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Thread: Apple IIe colour sceen puzzel

  1. #1

    Default Apple IIe colour sceen puzzel

    While I had my Apples out today I noticed something odd with one of them. Here is a mystery for you Apple hardware hackers out there.

    One of my Apple IIes ( say machine A), when plugged up to my Apple Colour monitor shows horizontal instability. The text bobs about horizontally (but doesn't break up) and I can't stablise it no matter what control knobs I twiddle with. You could get seasick looking at it.

    However...my OTHER Apple IIe (Machine B - same motherboard type) shows quite steady text on the same monitor. There is a slight, slow, horizontal wave than starts at the top and moves down but it's not really noticable unless you really look for it. I can live with it.

    Now..here is the mystery. If I connect Machine A to a green screen monitor, the image is rock-steady?!

    So...is it the machine that's faulty, the monitor or both? Given that machine B works fine on the monitor it would suggest the monitor is ok and this issue is with Machine A? If so, why does machine A look so good using a green screen monitor. There is no horizontal movement at all. Unfortunately, I don't have another Apple colour monitor I can use to compare.

    The diagnostic routines of both machines check out, and it is not the PSU. I swapped them over and the symptom didn't change.

    Anyone come across this before, or have any ideas?

    Tez
    ------------------------------------------------
    My vintage collection: https://classic-computers.org.nz/collection/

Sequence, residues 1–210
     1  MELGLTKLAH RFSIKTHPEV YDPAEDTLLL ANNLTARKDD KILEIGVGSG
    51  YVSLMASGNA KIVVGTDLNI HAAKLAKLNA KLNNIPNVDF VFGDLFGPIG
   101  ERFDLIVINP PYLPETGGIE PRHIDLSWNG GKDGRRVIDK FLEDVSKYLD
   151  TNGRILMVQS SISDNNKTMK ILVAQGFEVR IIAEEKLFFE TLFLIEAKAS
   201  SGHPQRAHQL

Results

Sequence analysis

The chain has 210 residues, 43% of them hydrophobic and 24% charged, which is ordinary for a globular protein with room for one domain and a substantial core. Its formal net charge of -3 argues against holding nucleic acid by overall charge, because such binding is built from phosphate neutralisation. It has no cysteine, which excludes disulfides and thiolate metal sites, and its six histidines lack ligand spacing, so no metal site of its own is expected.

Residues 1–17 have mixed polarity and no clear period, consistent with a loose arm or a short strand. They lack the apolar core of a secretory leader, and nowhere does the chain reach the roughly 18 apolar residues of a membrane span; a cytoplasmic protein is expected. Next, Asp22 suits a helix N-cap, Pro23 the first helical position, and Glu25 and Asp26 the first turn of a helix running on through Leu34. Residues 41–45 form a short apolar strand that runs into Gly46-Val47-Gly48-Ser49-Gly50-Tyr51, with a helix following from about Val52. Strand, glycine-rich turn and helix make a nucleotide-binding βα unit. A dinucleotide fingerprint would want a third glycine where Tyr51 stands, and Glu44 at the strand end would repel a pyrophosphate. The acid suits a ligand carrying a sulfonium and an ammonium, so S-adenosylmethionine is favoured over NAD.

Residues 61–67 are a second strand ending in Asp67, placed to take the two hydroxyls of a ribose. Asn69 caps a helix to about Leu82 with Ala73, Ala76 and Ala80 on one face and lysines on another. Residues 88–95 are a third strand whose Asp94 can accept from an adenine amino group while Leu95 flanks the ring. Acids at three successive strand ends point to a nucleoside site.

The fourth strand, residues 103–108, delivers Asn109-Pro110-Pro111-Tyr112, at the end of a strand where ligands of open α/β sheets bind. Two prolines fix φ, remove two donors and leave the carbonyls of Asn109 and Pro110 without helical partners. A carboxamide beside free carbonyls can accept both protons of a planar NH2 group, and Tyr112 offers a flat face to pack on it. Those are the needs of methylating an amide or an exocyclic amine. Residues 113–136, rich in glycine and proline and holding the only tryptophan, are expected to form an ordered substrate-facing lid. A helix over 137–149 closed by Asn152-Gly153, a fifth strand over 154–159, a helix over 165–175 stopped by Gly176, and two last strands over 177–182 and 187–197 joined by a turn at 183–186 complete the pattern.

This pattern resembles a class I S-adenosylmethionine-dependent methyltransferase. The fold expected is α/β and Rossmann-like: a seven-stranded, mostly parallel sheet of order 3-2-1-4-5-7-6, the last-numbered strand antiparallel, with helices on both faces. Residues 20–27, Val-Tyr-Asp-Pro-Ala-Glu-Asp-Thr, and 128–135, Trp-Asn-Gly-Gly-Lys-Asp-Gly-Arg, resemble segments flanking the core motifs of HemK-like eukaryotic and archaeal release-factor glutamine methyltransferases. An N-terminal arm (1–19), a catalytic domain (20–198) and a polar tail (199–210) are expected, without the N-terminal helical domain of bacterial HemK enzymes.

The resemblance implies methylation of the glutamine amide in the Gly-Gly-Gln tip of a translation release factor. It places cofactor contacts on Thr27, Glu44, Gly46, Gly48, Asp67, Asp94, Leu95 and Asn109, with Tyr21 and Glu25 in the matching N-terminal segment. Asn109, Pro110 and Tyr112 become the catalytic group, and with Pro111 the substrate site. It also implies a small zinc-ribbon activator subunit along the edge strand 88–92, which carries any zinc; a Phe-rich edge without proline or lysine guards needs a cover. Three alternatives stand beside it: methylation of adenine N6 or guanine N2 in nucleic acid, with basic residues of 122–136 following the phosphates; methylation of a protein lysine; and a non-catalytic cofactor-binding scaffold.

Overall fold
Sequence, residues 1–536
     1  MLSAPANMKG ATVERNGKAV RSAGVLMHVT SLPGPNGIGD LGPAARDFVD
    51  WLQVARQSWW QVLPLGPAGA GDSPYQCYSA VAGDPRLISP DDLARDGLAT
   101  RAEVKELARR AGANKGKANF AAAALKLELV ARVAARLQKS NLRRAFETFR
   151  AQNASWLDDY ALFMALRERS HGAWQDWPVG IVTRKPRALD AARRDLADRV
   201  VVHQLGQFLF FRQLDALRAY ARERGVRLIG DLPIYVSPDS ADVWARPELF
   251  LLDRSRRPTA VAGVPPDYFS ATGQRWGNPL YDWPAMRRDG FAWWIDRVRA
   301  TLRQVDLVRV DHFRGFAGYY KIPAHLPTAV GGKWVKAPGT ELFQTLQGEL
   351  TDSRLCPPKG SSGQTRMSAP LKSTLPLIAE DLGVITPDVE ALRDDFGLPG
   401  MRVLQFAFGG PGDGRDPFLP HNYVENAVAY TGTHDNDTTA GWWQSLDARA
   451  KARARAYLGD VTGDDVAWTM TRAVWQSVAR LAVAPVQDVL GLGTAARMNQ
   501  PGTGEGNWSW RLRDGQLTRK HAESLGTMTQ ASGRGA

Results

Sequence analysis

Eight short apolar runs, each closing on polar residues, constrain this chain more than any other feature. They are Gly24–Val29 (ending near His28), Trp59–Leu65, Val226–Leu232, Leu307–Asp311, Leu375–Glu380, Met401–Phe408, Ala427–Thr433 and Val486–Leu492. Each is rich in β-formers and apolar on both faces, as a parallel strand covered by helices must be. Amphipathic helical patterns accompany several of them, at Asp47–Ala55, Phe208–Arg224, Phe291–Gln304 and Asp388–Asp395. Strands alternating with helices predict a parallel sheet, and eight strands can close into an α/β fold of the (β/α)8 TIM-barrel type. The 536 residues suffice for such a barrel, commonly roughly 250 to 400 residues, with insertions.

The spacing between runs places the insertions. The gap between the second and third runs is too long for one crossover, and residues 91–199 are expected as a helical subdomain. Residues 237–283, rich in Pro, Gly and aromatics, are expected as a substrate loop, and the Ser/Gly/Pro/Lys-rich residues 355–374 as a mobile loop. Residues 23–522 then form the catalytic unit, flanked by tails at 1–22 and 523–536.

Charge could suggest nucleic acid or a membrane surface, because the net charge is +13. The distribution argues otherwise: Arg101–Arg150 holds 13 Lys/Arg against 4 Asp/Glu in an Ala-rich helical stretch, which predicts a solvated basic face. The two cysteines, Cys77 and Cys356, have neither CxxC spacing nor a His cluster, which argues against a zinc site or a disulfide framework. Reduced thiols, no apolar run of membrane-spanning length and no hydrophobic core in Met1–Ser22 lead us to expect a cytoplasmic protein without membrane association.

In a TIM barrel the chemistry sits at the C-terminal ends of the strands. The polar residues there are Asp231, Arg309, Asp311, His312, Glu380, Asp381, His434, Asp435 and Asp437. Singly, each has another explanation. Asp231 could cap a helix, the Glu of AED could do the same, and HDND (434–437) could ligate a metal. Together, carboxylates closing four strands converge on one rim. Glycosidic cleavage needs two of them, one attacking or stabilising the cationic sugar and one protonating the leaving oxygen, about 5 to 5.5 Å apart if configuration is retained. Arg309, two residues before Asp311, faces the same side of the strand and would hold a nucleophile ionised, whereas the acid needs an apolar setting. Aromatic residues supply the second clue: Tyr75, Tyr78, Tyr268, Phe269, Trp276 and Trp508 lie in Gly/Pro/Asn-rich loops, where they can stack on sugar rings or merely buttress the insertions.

My vintage activities blog: https://www.classic-computers.org.nz/blog/
    Twitter: @classiccomputNZ ; YouTube Videos: (click here)


  2. #2

    Default

    You say it's a IIe? I would check for bad electrolytics in and around the color-gen circuitry, or the color-killer circuitry. The IIe has that special upgraded color gen stuff, from what I can recall. So a monochrome monitor wouldn't do that, but a bad color burst signal on a color monitor certainly would.

  3. #3

    Default

    Quote Originally Posted by arfink View Post
    You say it's a IIe? I would check for bad electrolytics in and around the color-gen circuitry, or the color-killer circuitry. The IIe has that special upgraded color gen stuff, from what I can recall. So a monochrome monitor wouldn't do that, but a bad color burst signal on a color monitor certainly would.
    Sounds like a reasonable explanation. Thanks.

    Tez
    ------------------------------------------------
    My vintage collection: https://classic-computers.org.nz/collection/
    My vintage activities blog: https://www.classic-computers.org.nz/blog/
    Twitter: @classiccomputNZ ; YouTube Videos: (click here)


  4. #4

    Default Confusing capacitors

    Ok, I've decided to replace the caps in the video circuitry to stop the horizontal sway as discussed in this thread. I've identified the caps which may be the culprits but I just want to check something. Here are the caps concerned...


    Now the numbers on the caps refer to 47pF and 100pF respectively. At least this is what the SAMS Facts manual I have for the IIe says. Here is the related circuit:



    Picofarads though? With such large thick capacitors? It seems unsual to me?

    I'm not sure what type of caps these are? They seem very thick and meaty for the specs. Would a ceramic replacement be ok? 100 picofarads = 0.0001 uf and this would often be written on a ceramic cap as 101, correct? And the 47pf would just be 47?

    I did swap out the 100pf one with 10000pf (0.01um) before I figured out the units correctly (opps!). This caused the horizontal video to be highly unstable as you would expect. Oh well, that was fun..lol

    Anyway, I'd be grateful if someone could assure me that standard old ceramic caps would do the job as a replacement for these ones in the photo? I'm assuming they will?